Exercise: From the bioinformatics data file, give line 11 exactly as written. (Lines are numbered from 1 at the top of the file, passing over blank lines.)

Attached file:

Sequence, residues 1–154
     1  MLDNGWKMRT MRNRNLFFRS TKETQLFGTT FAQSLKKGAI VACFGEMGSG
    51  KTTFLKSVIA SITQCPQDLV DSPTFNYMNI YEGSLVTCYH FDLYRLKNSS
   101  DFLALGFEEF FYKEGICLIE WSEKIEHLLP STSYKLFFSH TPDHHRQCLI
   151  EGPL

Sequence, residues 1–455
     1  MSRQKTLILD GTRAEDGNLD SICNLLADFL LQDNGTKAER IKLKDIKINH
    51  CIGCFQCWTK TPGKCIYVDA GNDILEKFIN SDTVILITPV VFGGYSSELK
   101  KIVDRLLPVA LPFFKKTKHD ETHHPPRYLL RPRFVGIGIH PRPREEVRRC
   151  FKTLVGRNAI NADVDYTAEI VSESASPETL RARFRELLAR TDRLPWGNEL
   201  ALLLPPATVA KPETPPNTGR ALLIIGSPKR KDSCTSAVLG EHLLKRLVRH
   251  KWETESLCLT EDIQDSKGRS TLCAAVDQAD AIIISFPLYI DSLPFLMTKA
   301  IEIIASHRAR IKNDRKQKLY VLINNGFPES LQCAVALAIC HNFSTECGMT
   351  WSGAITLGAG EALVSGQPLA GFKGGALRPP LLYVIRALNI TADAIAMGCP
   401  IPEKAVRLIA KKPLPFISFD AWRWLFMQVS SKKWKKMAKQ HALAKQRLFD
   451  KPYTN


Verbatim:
   201  ALLLPPATVA KPETPPNTGR ALLIIGSPKR KDSCTSAVLG EHLLKRLVRH